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Legislative Assembly for the ACT: 2021 Week 04 Hansard (Tuesday, 20 April 2021) . . Page.. 898 ..

MS CASTLEY (Yerrabi) (5.39): In my first speech to the Assembly, I spoke about my experience of being a small business owner. For a good while, life was good. My then husband and I owned three successful car yards, employed five staff and made lots of money. But our success did not last. Unpaid bills pounded us and the debt collector came knocking at the door. At times, we were so skint that Mum kept us in food. I became a Tupperware lady and turned my spare bedroom into a beauty parlour, doing waxing and pedicures to put food on the table. Life is never easy. We liquidated the business and lost the house. The marriage went, too.

I share this story again to show that I understand small business and have enormous respect for the courage of small, often family run, businesses. It takes a stack of courage to start and run a small business, to take on the responsibility of staff, to slog it out day after day to make it work. Running a small business is like riding a roller coaster, with great highs and crashing lows.

Not only do I understand and respect small business; the Canberra Liberals do, too. We get that small business is the engine room, the backbone, of our ACT economy. We understand that Canberra’s 30,000 small businesses need and deserve support, the support of this government and the whole Assembly. Our small business sector employs almost two-thirds of Canberra’s workforce and generates massive revenue for the territory.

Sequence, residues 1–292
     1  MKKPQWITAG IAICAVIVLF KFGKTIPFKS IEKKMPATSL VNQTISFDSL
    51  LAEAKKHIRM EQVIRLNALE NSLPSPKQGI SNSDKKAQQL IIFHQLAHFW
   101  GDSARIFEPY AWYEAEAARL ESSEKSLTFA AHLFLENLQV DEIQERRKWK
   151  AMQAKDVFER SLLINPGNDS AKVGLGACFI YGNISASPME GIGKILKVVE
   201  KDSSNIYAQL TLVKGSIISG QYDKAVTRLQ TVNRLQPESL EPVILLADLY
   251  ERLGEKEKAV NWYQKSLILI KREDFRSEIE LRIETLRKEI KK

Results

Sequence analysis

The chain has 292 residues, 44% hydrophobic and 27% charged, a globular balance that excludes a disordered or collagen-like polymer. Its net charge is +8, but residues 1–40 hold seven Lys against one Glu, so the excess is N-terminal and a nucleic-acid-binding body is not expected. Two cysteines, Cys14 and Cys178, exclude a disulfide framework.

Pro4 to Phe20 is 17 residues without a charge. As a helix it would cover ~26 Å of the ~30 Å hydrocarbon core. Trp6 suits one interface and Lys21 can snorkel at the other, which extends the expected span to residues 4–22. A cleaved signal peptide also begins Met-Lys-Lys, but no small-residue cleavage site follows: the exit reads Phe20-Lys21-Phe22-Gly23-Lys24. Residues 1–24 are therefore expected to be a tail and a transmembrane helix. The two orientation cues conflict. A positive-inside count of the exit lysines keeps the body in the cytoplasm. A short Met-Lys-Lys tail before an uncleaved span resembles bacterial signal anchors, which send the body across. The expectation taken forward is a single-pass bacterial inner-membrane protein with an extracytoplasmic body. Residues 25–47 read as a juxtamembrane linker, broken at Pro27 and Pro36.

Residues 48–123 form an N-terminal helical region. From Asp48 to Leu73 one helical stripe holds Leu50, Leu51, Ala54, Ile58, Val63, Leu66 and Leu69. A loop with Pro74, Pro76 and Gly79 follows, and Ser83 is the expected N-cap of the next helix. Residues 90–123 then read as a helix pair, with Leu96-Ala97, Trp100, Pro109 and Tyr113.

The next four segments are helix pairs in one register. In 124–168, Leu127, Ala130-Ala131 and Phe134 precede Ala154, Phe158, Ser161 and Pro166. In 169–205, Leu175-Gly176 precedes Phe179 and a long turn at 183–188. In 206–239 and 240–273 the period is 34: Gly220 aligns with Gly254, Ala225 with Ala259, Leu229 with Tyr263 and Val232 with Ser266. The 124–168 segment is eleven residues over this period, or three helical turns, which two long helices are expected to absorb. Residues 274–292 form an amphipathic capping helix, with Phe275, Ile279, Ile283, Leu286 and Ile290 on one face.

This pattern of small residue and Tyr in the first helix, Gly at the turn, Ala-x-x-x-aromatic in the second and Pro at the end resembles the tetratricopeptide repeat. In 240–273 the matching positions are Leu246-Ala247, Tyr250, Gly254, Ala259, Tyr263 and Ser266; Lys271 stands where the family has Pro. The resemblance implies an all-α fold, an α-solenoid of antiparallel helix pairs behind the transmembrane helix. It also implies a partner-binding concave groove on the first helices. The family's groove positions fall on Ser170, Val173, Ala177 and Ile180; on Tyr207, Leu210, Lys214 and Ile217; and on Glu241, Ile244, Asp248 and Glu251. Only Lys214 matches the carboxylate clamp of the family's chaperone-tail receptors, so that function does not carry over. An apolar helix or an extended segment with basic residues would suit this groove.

Canberra is a public service town. Time and again we hear it. But guess what? Canberra is also a small business town. You do not hear much about that. Yes, there is life in Canberra beyond the ACT and federal public services. Not everyone understands and lives by the APS Code of Conduct; not everyone is an acting APS of whatever number. Not everybody is penning incoming minister briefs or responding to ministerials. Not everybody has a public service name tag swinging around their neck as they head out for their morning coffee at 9.30 or 10 in the morning.

The other workforces in Canberra are mostly employed by small businesses. They are cleaners and sandwich makers. They are mechanics, gym instructors, beauticians and kitchen hands. They are hairdressers, tailors, carpet layers and shoemakers. They are also our tradies: electricians, plumbers, carpenters. These are the ones that we call on in need, with the desperate cry of: “How soon can you get here?”

It is easy to take our small and micro businesses, and sole traders, for granted. But nine times out of 10 they are the ones that we turn to when things at home go pear-shaped—when the toilet will not flush, the kids’ bikes need fixing, the TV is on the blink and the garage door will not open, not to mention a bit of home improvement like upgrading the kitchen, putting a deck on, or pruning and maintaining the trees.

Unfortunately, this Labor-Greens government does not seem to understand small business or seek to do so. I wonder, given that the government has been in power for two decades, whether ministers and advisers have become so used to dealing with big, sprawling directorates employing thousands of bureaucrats that they are the people this government understands, not small business.

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